Report: How to resolve Hawaii’s public pension debt crisis

Grassroot Institute publicly releases report on fixing Hawaii’s pension debt crisis

The independent, nonprofit think tank debuted its findings July 31 at a presentation on Maui

HONOLULU, Aug. 1, 2018 >> The Grassroot Institute of Hawaii has released its new report titled “How to resolve Hawaii’s public pension debt crisis” about how to bring under control the almost $13 billion in unfunded liabilities of Hawaii’s public pension system.

The debt represents money missing from the state Employee Retirement System (ERS), which, if not addressed now, could jeopardize future public worker retirement benefits and impose a significant burden on Hawaii taxpayers.

Presented at a luncheon at the Maui Country Club on Tuesday, July 31, the Grassroot Institute’s report is the first of its kind to compile and examine all 50 states’ public pension plan options. It provides solutions based on the actions of states that have fixed their pension debt problems, such as the creation of a new pension plan.

One challenge would be to enlist as many state and county workers as possible into the new plan. Future workers could be required to join the new plan, while current employees could be enticed to join by the different benefits it would offer. Active public employees wouldn’t have to worry about their benefits for hours already worked, since Hawaii’s Constitution protects benefits for employee service already accrued. It does not, however, guarantee benefits for service moving forward — though perhaps that interpretation could be challenged — so making the new plan more attractive than the current plan would be key to migrating them to the new plan.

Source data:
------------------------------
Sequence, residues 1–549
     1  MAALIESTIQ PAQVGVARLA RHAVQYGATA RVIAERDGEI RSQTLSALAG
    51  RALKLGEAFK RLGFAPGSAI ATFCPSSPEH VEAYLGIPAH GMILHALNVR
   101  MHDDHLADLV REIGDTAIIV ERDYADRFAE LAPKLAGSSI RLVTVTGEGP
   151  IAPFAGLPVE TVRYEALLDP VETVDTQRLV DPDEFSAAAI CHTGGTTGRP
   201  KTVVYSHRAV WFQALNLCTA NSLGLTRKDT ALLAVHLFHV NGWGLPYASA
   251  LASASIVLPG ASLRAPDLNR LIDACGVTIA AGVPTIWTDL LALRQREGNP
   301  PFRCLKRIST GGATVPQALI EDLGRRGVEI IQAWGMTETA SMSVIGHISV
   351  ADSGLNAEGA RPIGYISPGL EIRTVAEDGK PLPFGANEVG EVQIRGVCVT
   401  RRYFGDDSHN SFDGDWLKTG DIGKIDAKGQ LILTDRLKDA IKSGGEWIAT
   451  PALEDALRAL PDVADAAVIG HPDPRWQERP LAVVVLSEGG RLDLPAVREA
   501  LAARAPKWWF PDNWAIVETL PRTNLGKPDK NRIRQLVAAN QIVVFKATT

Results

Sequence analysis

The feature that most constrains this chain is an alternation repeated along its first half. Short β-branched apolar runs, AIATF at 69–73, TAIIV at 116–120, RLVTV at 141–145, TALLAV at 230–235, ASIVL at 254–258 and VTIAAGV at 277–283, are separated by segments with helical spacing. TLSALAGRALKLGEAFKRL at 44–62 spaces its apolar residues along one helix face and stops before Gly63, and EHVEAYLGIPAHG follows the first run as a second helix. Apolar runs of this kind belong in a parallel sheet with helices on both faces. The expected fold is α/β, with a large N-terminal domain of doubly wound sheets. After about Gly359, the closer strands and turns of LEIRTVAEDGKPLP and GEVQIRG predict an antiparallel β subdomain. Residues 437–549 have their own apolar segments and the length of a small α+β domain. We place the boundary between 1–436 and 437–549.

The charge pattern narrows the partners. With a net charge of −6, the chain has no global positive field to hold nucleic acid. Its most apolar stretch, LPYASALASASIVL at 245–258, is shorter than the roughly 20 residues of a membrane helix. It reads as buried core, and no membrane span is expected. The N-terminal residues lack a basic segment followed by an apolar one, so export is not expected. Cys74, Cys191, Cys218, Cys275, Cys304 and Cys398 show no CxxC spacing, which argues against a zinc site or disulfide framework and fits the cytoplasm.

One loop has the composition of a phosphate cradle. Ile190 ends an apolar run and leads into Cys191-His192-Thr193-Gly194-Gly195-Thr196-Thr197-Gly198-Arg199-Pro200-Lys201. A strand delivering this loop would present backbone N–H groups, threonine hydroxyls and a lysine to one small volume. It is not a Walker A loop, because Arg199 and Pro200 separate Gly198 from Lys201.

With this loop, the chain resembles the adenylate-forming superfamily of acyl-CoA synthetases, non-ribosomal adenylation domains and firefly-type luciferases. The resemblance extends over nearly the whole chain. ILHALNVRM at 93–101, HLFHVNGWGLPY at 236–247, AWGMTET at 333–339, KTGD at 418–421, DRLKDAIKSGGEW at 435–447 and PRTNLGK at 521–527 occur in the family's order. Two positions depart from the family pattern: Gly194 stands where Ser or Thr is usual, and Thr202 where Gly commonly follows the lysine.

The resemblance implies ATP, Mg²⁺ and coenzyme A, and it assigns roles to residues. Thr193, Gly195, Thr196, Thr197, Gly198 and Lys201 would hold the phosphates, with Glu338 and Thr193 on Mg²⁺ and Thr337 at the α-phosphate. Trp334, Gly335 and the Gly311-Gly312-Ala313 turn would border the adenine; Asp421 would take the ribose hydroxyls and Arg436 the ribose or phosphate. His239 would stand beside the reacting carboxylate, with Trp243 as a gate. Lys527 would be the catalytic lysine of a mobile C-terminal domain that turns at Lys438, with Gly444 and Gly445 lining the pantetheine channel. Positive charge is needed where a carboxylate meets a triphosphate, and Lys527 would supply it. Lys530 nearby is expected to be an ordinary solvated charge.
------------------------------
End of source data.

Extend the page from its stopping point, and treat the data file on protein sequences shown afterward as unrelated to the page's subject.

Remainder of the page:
Incentives to enroll in a new plan could include lower vesting ages, increased portability and higher funding ratios. Ideally this would help lead to the eventual elimination of the system’s debt, strengthening the promises made to Hawaii’s retired public workers and providing relief to Hawaii’s taxpayers — especially the younger ones, who at the moment appear to be the ones who will have to pay off most of Hawaii’s unfunded liabilities in the long run.

By creating a new pension plan based on best practices from other states, Hawaii’s lawmakers could take a step toward helping the ERS match its promised retirement benefits with employee contributions, helping roll back the system’s — and thereby the state’s — unfunded public pension liabilities.

The full report is available on the Grassroot Institute’s website at https://www.grassrootinstitute.org/wp-content/uploads/2019/01/How-to-resolve-Hawaiis-public-pension-debt-crisis.pdf.

(UPDATE: The debt has risen to $13.4 billion as of Dec. 28, 2018. The report has been updated accordingly)


For more information or to arrange an interview with Keli‘i Akina, Ph.D., contact Josh Mason, Grassroot Institute of Hawaii communications director, at (918) 261-8444 or jmason@grassrootinstitute.org.

To view the July 31 presentation, click here or watch the video below.

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